Rent-A-Chicken delivers a coop, two hens and enough feed to last the summer to aspiring urban farmers on Colorado’s Front Range.
Rent-A-Chicken delivers a coop, two hens and enough feed to last the summer to aspiring urban farmers on Colorado's Front Range. (Provided by Jim Perry)

A new breed of backyard chicken has arrived in Colorado.

The rentable kind.

Rent-A-Chicken, one of a handful of chicken-rental outfits now proliferating across the U.S., is open for business in the Denver area, ready to give city dwellers a low-risk intro to backyard bird farming.

The concept is simple: For $400, or roughly $67 a month, you get two egg-laying hens, a portable coop and run plus enough feed to last about six months.

Jann's Henny Penny Farm outside Brighton will deliver everything to your home in the spring, typically in May, provide a quick tutorial and then come back in November to collect their brood and coop before winter sets in.

"We provide everything they need," said Jim Perry, one half of the husband-and-wife duo offering the service. "All they need to do is feed them and play with them and pick up eggs once a day."

Perry and his wife, Jann Symons, are licensing the Rent-A-Chicken name and concept from Leslie Suitor, who founded the chicken-rental endeavor six years ago in Traverse City, Mich.

The service has taken flight across Michigan, landing in Detroit and other cities, but Denver is its first out-of-state location. Similar businesses, with names like Rent The Chicken and RentaCoop, have also sprouted in Pennsylvania, Maryland and elsewhere.

Suitor said the business model is all about giving people the opportunity to test the waters of urban agriculture without a long-term commitment.

When you buy chicks at the feed store, for one, you won't get eggs for at least six months, and the wait could be as long as until the following spring, Suitor said.

"It's a very convenient option just to keep them during the summertime," Suitor said. "Or they'll realize, 'Yes, we can do this — it's easy peasy.' "

About half of Suitor's customers buy their brood outright at the end of the season, she said. Others prefer to rent every summer and not deal with backyard birds during the winter.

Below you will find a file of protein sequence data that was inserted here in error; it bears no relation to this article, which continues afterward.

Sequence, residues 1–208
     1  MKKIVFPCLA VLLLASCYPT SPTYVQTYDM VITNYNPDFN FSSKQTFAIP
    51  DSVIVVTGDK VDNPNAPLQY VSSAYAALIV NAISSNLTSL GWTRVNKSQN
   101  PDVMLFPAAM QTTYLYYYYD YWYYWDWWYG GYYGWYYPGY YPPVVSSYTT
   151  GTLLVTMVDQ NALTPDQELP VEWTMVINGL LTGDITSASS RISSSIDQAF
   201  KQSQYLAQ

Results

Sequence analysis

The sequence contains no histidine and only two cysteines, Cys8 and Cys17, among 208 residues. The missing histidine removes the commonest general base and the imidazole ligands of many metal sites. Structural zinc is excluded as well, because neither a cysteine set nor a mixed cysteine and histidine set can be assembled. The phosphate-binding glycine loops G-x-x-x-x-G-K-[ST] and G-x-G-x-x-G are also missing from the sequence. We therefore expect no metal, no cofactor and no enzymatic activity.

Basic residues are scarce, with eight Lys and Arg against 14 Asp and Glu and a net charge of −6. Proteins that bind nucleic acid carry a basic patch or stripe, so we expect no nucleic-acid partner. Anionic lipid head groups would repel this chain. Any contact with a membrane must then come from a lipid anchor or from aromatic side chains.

Typically, renters can expect about a dozen fresh eggs a week, Suitor said.

Perry and Symons both grew up on a farm and said after an initial head-scratch, they fell in love with the idea of giving Denver-area city dwellers — particularly children — a taste of rural life.

Right now, they have Buff Orpingtons, Black Australorps and Ameraucanas for rent, with plans to add more types in coming years, Symons said. All are well suited to Colorado's climate.

Orpingtons and Australorps lay brown eggs, while Ameraucanas lays blue.

"We thought that would be more fun than a white chicken with a white egg," Perry said.

Throughout the summer, Perry and Symons will also be available to troubleshoot problems and answer any chicken-related questions.

"My wife ... she's the chicken whisperer," Perry said.

This first summer, Rent-A-Chicken is pro-rating the rental agreement, as well: $67 a month for the remaining time between now and the early-November pickup. Deliveries can be made throughout the Denver metro area and north into Longmont/Fort Collins/Loveland.

Perry's aware of the inherent humor in the business's name.

"I still can't say it with a straight face. It's a lot of fun," Perry said, with a chuckle.

"We just delivered a couple of chickens to a family with a couple of girls. They were literally waiting on the front porch. They were just so elated," he said. "Seeing the look on their faces, I would do it for free."

Emilie Rusch: 303-954-2457, erusch@denverpost.com or twitter.com/emilierusch

Rent-A-chicken

For information on getting a rental brood of your own, contact Jim Perry and Jann Symons at Jann's Henny Penny Farm: 303-870-8689, 303-870-7243; hennypennyfarm@gmail.com or rent-a-chicken.net